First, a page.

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The Daily Wildcat

The Daily Wildcat

 

    Suns rookies impress going into scrimmage

    Arizona men’s basketball fans typically have many chances to watch future NBA players compete as Wildcats. Tomorrow at 6 p.m. in McKale Center, the same fans will get to see veteran NBA stars, as the Phoenix Suns hold a public intrasquad scrimmage.

    And they will also see three players in the middle of the timeline: rookies with college experience and diplomas – two of them fresh off campus – who are trying to impress the coaches enough to stick with the team.

    Forward Alando Tucker and guard D.J. Strawberry graduated from Wisconsin and Maryland, respectively, in May. Invitee forward Doug Thomas graduated from Iowa in 2006 then spent some time in the first division of the Swiss professional leagues.

    “”Both of them have good skills that we could tap into,”” Suns head coach Mike D’Antoni said of Tucker and Strawberry. “”They’re trying to transition to a quick game. It’s a little sloppy right now, but they’ll build into it. I’m pleased with the progress.””

    Strawberry, a second-round NBA draft pick in June, and Tucker, a first-round pick, got a taste of the pro game and lifestyle before training camp in Tucson when both joined their Suns teammates at the Sept. 14 Yao/Nash Charity Gala event, a charity basketball game in Beijing.

    But for their first full season, the rookies will “”need to keep both ears open,”” said forward Shawn Marion, who played a season at UNLV.

    Nine-year NBA veteran and Suns newcomer Brian Skinner said he’s pleased with the rookies’ development in the short week since the Suns began their workouts Tuesday and added that a college foundation will give them a head start in the NBA.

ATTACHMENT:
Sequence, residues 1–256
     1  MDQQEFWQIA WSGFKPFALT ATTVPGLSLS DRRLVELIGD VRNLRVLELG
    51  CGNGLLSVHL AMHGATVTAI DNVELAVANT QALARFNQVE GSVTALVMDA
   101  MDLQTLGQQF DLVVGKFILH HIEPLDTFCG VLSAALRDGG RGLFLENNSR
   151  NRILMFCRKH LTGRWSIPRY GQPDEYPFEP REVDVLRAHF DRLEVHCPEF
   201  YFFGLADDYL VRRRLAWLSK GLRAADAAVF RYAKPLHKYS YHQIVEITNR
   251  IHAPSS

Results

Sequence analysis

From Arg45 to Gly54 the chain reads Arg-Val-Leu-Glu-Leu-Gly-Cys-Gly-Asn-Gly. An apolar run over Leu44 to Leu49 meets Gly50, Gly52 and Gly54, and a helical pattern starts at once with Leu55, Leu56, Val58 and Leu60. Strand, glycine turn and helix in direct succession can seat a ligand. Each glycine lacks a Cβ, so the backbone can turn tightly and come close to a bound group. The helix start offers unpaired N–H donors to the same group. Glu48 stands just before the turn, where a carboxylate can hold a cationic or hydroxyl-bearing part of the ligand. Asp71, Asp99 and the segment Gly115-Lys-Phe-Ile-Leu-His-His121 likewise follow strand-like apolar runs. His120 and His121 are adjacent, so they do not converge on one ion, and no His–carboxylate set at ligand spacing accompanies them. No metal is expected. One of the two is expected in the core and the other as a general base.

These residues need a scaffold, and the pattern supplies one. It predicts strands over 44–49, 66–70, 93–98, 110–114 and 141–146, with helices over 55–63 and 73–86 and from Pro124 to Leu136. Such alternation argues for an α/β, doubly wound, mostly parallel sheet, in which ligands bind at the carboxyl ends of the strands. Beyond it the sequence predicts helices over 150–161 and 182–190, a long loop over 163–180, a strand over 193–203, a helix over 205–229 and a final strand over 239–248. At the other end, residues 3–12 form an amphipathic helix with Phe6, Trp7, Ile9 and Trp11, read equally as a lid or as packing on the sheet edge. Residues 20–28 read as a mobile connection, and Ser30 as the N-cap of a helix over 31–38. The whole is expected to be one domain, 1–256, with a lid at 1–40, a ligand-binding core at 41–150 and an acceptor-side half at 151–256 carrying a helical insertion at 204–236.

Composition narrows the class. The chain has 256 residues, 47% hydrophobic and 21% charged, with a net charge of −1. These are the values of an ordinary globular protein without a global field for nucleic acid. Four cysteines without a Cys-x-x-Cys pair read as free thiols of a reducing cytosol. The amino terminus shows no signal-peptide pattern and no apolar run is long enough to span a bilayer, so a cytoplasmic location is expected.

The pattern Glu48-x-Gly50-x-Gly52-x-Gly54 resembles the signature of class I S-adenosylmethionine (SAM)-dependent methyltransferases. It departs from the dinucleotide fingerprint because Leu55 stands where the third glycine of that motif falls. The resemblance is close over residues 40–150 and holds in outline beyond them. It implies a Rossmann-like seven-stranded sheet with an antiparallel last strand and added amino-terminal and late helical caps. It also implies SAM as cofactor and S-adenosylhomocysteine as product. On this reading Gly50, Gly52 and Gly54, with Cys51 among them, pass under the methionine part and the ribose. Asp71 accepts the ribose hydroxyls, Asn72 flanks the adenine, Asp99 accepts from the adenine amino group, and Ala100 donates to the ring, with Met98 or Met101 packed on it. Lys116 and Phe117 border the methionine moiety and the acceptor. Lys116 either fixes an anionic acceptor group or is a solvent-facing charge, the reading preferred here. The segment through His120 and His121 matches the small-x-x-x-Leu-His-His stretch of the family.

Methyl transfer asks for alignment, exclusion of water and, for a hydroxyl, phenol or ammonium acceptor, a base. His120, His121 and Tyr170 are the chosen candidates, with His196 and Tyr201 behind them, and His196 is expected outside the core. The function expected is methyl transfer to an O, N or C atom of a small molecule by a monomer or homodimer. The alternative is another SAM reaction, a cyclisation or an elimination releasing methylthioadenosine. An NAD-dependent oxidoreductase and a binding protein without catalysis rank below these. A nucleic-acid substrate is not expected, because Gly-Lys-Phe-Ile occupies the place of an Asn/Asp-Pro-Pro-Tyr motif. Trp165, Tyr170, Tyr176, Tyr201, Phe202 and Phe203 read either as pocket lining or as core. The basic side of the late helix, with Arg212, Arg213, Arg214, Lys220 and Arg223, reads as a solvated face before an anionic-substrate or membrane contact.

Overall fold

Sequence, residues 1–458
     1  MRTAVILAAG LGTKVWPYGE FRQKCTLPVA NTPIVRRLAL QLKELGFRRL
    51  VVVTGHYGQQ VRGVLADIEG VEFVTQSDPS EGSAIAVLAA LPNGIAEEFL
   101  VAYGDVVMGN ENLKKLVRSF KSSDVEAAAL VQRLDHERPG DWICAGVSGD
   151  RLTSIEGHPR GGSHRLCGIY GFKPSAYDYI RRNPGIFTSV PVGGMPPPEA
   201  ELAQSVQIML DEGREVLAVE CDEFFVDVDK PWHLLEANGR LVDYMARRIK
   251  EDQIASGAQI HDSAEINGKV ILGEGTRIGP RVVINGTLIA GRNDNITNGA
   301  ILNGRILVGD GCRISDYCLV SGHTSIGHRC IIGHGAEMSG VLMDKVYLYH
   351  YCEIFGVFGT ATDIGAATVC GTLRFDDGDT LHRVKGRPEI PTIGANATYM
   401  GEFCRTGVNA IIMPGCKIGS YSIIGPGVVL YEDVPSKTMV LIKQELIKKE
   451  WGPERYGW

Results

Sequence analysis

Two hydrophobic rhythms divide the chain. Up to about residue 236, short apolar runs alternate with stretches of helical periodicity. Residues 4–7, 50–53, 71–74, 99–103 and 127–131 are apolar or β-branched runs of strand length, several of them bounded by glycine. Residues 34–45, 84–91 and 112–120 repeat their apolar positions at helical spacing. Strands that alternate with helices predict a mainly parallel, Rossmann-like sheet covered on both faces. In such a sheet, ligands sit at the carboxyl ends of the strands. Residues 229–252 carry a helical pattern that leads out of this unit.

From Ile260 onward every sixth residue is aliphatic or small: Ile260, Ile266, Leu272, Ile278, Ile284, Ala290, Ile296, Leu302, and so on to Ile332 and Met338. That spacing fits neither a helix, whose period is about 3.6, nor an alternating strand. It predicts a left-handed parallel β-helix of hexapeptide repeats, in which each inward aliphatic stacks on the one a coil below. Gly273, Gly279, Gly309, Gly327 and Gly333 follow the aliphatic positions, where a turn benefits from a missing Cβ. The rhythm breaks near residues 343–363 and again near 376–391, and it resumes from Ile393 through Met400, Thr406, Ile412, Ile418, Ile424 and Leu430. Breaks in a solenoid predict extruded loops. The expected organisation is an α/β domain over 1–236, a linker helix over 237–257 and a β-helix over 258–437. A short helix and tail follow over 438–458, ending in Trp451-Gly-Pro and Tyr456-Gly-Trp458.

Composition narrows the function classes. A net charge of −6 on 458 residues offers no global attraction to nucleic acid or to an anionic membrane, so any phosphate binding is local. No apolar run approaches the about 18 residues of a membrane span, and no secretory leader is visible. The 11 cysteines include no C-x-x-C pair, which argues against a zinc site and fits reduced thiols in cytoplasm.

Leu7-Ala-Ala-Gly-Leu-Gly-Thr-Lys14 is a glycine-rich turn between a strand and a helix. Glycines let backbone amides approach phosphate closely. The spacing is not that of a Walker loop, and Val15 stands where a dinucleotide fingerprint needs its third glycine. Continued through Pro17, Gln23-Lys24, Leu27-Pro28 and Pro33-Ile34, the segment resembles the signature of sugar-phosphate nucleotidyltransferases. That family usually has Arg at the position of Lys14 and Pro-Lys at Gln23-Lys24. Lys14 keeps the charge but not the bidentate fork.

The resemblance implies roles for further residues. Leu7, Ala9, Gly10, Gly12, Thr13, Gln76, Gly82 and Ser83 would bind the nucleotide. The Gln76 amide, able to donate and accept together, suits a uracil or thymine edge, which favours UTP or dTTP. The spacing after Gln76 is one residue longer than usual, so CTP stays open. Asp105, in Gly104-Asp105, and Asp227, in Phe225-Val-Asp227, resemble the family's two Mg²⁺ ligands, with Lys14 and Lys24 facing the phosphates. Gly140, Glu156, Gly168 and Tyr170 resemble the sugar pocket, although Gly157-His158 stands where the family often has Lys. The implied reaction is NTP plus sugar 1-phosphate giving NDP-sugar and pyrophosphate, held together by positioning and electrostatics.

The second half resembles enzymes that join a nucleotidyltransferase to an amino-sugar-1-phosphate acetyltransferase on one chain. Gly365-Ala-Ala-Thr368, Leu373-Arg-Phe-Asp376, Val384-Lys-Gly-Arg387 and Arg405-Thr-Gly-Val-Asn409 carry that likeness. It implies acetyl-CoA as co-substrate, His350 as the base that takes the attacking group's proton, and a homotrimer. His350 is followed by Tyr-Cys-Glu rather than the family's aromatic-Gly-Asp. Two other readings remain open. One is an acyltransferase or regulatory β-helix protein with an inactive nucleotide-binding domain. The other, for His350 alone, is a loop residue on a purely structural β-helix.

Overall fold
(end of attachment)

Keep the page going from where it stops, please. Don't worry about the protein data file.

“”You need that experience – college is a good experience,”” said Skinner, who graduated from Baylor in 1998. “”(The rookies) are doing good, they’re just young. It’s a different style of game and a different style of play. They have a lot to learn in just a little bit of time. They’ll learn by watching film, watching other players, and the players that pick up on the game faster are the players that standout … like Kevin Garnett, Karl Malone and LeBron James.””

    Skinner isn’t the only veteran helping the younger guys adapt. Thirteenyear veteran Grant Hill is on the team with 11-year pro Steve Nash and AmarǸ Stoudemire, who has five years in the NBA under his belt.

    Though Stoudemire won’t play for another two and a half to three weeks due to arthroscopic surgery on his right knee Tuesday morning, he joined the team yesterday, talking loud and often – especially to rookies.

    Tucker said he heeds the advice.

    “”All the veteran players have helped me a lot through this whole process,”” he said. “”They take care of the rookies. You have to have respect for the things they do, but at the same time, you can’t be too much of a fan when you’re out here playing.””

    Tucker said his younger brother Aaron and younger sister Alivia love the Suns and couldn’t be happier that he landed in Phoenix.

    “”It’s a dream come true,”” he said. “”I’m drafted in the first round and playing for a team that has a good chance to win a championship.””

    Tucker added that the transition from college has been easy. He left Wisconsin as the team’s all-time leading scorer (2,217) and averaged 17.4 points, 2.4 rebounds and 2.4 assists in five games for the Suns at the NBA Vegas Summer League.

    The biggest difference between the college game and the NBA game so far is the pace, he said.

    “”It’s different coming from Wisconsin,”” he said. “”It was a strictly half-court, slow- paced game, and it’s a lot faster here.””

    As for the scrimmage in McKale, Tucker said that it will help him complete the step up to the NBA.

    “”Familiar courts ease my comfort level,”” Tucker said. “”It makes the transition moother.””

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